Any payment to the bank not for purchase of property or housing is put into the "kitty" in the centre of the board. This is collected either when landing on Free Parking or as instructed by a GO card. (In a variation that has helped keep the game more competitive, only half the amount - rounded up - goes into the kitty. For instance, on Luxury Tax, $40 would go into the kitty, and $35 would go to the bank.)
When a player lands on Income Tax they may calculate what 10% of their assets would come to before choosing which payment method to use.
As well as cash, property, and held cards, several new things are tradable: free rides (not having to pay rent when landed on), properties with strings attached (for example it will never be sold to a certain player), properties with permanent free rides available, and promises of rewards or protection from the outcome of future card draws.
Players can also counter-offer deals underway, and can even offer absolution from rent in advance for a decided sum up front.
When in Jail, players cannot improve properties, bid in auctions, or collect rent. This encourages players to exit jail as fast as possible, but can be utilized with a bit of strategic thinking.
Go cards[edit | edit source]
When landing on Go, the player collects $200 and must draw a Go Card. These new cards were invented exclusively for the book.
The twelve cards read as follows:
- You decide to take up golf. Pay each other player $25 for private lessons.
- The railroads announce a special youth fare. Deduct 50% from the rent the next time you land on someone else's railroad.
- Advance to Free Parking and collect the kitty. Pay each other player $50 as a tip for parking your car.
- You marry one of your tenants. Collect $25 from each other player as a wedding gift.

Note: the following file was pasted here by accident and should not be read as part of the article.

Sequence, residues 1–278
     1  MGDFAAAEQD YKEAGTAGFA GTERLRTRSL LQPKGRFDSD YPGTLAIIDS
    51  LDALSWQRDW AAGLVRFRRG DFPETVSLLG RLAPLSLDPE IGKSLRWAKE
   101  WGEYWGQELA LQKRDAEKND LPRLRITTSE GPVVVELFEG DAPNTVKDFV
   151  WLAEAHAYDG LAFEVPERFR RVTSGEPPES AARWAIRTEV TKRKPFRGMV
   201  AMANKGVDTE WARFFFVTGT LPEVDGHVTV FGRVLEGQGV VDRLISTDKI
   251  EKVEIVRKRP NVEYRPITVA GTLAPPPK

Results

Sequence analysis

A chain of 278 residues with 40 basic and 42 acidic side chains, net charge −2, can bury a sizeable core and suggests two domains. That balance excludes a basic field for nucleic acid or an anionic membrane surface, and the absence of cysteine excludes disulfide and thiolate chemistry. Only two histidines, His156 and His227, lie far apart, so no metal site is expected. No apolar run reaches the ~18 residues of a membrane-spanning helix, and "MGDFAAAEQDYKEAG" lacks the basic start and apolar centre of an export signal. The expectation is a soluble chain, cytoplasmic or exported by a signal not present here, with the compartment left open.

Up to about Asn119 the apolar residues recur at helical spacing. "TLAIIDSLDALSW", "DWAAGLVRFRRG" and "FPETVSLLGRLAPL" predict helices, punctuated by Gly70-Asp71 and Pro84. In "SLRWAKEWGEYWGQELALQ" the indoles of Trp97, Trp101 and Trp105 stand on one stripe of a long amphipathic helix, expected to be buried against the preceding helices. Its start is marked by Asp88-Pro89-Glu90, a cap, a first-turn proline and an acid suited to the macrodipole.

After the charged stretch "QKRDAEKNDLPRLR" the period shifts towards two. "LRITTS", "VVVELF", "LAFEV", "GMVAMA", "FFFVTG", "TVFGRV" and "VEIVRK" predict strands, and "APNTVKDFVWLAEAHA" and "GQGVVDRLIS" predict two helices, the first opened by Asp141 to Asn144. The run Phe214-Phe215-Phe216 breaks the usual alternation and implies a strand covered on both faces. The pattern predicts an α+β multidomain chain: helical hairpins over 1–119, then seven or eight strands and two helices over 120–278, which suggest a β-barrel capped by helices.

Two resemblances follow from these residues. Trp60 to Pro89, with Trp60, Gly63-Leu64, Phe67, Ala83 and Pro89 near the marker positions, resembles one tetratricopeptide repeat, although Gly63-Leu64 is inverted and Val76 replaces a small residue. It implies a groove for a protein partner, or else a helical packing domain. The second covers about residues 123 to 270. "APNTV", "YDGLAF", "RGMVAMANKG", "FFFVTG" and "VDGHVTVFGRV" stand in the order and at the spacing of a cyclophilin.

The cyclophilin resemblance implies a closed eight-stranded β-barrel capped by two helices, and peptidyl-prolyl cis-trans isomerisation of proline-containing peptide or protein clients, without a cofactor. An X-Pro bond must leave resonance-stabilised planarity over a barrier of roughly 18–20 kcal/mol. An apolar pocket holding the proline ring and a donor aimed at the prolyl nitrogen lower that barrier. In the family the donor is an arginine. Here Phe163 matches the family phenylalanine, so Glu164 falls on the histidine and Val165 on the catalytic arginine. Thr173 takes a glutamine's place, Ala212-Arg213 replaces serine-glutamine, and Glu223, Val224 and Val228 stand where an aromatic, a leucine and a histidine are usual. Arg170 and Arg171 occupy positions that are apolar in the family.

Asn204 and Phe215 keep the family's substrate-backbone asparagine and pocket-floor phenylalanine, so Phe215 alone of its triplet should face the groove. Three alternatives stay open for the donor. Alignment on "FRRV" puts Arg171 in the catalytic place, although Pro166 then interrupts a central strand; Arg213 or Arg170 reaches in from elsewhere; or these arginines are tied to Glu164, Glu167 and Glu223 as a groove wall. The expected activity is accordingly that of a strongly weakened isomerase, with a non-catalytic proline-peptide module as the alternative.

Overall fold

- You've been elected sheriff. Send another player to Jail.
- The railroads run late-- again. If you own any railroads, pay every other player $50 as a refund for poor service.
- Your renovations pay off. Collect an additional $50 in rent from the next player to land on one of your properties.
- The city condemns one of your buildings. Sell one building back to the bank at one-half the price you paid for it.
- You win a night on the house. The next time you land on anyone else's property, you are excused from paying rent.
- You hold a party to curry favor with community leaders. Pay $25 to the kitty to pay for the curry.
- Your friends honor you as Tycoon of the Month. Collect $50 from each player.
- Your brother-in-law becomes president of the bank. The bank will contribute $100 to your final bid in the next auction.
Optional rules[edit | edit source]
The book also provides a number of optional rules.
- Build without owning the complete color set.
- You have to pay $100 to the kitty for each building, and the buildings cost twice the list price. However when selling back it is still at half their old value.
- Once per game, a player can choose to buy a property without landing on it by paying triple its list price.
- Mortgages are once more allowed but each time a player passes Go there is a 10% penalty, the aggregate cost of their mortgaged properties.
- A player can build houses during their turn only after rolling the dice.
- Players can trade during an auction.
- Trades can affect a player's right to bid.
- Auctions have no minimum bid price set.
- The first bidder may name any starting price.
The voluntary bankruptcy rules can also be tweaked.
- If six players are left, the player receives $700
- If five players are left, the player receives $750
- If four players are left, the player receives $850
- If three players are left, the player receives $950
- If two players are left, neither can declare voluntary bankruptcy.
- Each player has the option once per game to voluntarily send themselves to jail.
These rules (except the kitty) make for more interesting trades and a potentially shorter game.
The voluntary bankruptcy rule allows a losing player to get back into the game, whereas otherwise they would be taken out and have to sit and watch to see who wins. Voluntary bankruptcy lets players' final bankruptcies be closer together.
It is probably advisable to put the $1 bills back in the game so as not to slow things down with mathematical calculations.
Starting cash could be limited to $1000-$1200 as seen fit.
These adjustments to the above will create a much faster game (not quite as fast as the traditional rules) and most games will still see many players own at least one Monopoly.
Summary[edit | edit source]
We have often found that Monopoly becomes much more competitive - and interesting - when these rules are applied (although we use only the "normal" new rules, with the exception of putting half of taxes, fees, etc., into the kitty).